The biggest news of the night was the return to form of Jose Theodore, who was just outstanding all game, WHEW! #60 made 34 saves as Columbus really turned up the heat after trailing by three after just 13:44. Both Blue Jackets goals were not the fault of Jose and he made several super stops, especially in the second period when the Caps decided to allow too many odd man rushes against. After two shaky goaltending performances earlier in the week against Calgary and Ottawa, Boudreau has gotten super starts from both Semyon Varlamov and Theodore, in succession.

“It is more significant that Theo had a good game and for the most part I thought we played good defensively,” started Boudreau on the victory, “I thought they had a few [chances] where they could put them in but that had nothing to do with the defense, alot of it was with our forwards not being where they are supposed to be,” added Boudreau on why there were so many quality chances for Columbus on the rush.

While Theo was certainly Washington’s number one star on the night, the guy I bragged about after Thursday’s win versus Atlanta, Mike Green, was once again in his 2009-10 Norris Trophy winning form versus Columbus. #52 scored the game winner by grabbing an errant clear and rifling one by Steve Mason, who replaced an injured Mathieu Garon just 10:49 into this one, on a 5 on 3 Caps power play. The goal was Greenie’s 19th of the season and he now has a career high in points with 74. More important than the goal, however, was his rock solid play in his own zone, as his head coach pointed out.

“He was fabulous. Mike Green was fabulous tonight. Notwithstanding scoring the winning goal but I just thought every time on he was a force defensively, not necessarily offensively, but he was a force defensively. He’s been like that for awhile, he just doesn’t get the recognition that he should defensively,” added Boudreau on a player that should win the Norris Trophy this season.

There will be the Duncan Keith and Drew Doughty for Norris Trophy camps but if you look at Green’s numbers, to include ice time and plus/minus, he should win hands down. By the way, Keith has the luxury of playing with Keith Seabrook night in and night out. As the NHL network’s Craig Button told me today via text, “Mike Green is a star and is becoming a more complete player, which is part of the development sequence.” People often forget that Green is still ONLY 24 years old in a league where playing in your own end takes years to learn.

Washington killed off all three Columbus power plays, including a 1:23 two man advantage. During that sequence Brooks Laich got his stick in the passing lanes and made several super plays. In fact, he was so good on one sequence on the boards it allowed Tom Poti to go the other way and get a quality shorthanded chance, but Mason made a nice glove save.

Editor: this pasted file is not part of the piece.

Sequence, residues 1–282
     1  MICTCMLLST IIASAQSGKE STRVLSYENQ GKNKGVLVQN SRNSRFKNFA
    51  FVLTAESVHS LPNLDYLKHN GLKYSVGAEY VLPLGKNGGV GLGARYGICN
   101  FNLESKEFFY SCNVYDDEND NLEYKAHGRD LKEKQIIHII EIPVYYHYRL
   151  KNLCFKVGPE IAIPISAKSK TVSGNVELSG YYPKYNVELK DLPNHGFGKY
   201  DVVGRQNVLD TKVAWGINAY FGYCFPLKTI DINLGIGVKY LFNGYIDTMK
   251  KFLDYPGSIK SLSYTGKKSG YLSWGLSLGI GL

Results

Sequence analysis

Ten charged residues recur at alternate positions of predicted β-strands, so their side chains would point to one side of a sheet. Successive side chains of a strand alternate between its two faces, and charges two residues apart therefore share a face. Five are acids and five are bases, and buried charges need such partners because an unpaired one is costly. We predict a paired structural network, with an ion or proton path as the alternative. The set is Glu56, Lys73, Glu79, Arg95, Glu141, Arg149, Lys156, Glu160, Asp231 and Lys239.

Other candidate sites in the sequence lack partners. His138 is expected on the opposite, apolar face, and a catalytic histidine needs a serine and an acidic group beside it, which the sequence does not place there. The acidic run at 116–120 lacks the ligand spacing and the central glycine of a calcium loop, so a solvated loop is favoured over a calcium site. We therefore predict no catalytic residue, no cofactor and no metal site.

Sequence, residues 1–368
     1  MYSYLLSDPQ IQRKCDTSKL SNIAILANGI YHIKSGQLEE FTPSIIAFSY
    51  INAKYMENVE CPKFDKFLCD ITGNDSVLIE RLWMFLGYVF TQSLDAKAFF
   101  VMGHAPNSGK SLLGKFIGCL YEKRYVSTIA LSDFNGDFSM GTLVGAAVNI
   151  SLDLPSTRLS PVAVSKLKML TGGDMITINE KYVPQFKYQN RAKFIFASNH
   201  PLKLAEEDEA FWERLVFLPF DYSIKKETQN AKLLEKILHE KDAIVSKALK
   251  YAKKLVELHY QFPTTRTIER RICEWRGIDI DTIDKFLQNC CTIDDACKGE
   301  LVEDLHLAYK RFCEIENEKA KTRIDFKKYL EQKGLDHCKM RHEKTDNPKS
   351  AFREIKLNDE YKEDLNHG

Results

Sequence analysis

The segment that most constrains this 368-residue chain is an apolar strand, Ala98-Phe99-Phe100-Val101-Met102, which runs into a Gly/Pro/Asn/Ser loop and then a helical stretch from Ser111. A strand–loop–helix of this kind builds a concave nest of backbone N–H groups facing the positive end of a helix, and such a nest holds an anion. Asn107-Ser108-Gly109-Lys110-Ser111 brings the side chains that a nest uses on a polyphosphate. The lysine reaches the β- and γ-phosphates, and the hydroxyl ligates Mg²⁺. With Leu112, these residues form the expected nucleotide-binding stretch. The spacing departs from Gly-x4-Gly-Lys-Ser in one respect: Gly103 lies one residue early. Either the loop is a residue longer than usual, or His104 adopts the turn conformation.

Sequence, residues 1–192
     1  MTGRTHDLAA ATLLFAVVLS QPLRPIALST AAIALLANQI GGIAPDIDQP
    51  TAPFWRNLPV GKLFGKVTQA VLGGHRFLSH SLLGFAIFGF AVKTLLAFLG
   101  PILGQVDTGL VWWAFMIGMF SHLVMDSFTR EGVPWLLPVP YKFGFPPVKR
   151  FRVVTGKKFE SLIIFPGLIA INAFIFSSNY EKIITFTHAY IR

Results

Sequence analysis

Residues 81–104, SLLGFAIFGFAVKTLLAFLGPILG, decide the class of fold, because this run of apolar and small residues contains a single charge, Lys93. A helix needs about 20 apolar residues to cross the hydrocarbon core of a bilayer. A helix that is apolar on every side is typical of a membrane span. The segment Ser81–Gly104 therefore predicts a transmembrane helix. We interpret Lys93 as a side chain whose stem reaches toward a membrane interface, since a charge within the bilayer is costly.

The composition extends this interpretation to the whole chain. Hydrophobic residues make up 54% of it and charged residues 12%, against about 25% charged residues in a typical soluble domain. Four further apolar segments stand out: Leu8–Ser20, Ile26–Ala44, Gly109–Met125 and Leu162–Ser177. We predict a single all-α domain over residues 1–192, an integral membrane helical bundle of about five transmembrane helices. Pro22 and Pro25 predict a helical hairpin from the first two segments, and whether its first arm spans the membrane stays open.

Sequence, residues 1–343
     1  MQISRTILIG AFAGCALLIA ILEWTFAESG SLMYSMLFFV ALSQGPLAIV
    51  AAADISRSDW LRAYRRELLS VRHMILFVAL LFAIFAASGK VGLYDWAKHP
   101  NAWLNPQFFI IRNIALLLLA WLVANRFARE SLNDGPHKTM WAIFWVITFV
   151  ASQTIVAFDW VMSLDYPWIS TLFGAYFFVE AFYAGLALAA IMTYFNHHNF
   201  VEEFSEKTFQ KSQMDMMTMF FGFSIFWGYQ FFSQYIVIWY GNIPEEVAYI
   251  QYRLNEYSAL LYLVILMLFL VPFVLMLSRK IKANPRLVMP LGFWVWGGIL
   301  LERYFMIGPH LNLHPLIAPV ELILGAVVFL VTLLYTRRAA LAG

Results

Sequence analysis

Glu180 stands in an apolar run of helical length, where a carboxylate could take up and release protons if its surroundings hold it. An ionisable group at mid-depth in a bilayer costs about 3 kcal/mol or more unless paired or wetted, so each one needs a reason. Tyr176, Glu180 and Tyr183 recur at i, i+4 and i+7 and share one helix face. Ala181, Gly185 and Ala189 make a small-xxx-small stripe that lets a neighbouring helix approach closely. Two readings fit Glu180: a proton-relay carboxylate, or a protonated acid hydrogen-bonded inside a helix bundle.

At the other end of the spectrum, the Washington power play was a pitiful 1 for 6 (only goal was Green’s unassisted 5 on 3 tally) and once again there was too much passing and perimeter play. What made things on 5 on 4 even worse was the lackadaiscal play of Alexander Ovechkin on the left point. The Great #8 made a bad decision pinching in that gave Rick Nash (2 assists) and Antoine Vermette (2 goals) a two on one break and they finished it off easily around Joe Corvo. Then in the third period Ovechkin failed to look behind him in the slot in the defensive zone and RJ Umberger nearly tied the contest up. To be blunt, the Great #8 floated in his own zone all evening. His coach saw much of the same and had a theory on how he could break out of his funk.

“He looked a little off tonight. You just keep throwing him out there and hoping it’s going to happen. I think he just has to work a little harder defensively and it will make his offensive go better,” said Boudreau on the two-time defending NHL MVP, who was -2 in this contest.

On the second Blue Jackets goal, both Poti and Tyler Sloan decided to chase Nash behind the net and #61 quickly recognized it and hit a wide open Vermette in front. Watching the replay, it was Sloan’s responsibility but for some reason #3 left his side of the ice? Still, I was not thrilled with Sloan’s overall play, he made a bad decision in the offensive zone in the second period that led to a Blue Jackets 4 on 2 break. His last shift, with under four minutes left, was not good either and he looked in over his head when the pressure picked up. I fully expect come playoff time that Sloan will be in the press box along with John Erskine, meaning John Carlson will be the sixth defenseman (#74 is out with an injury right now).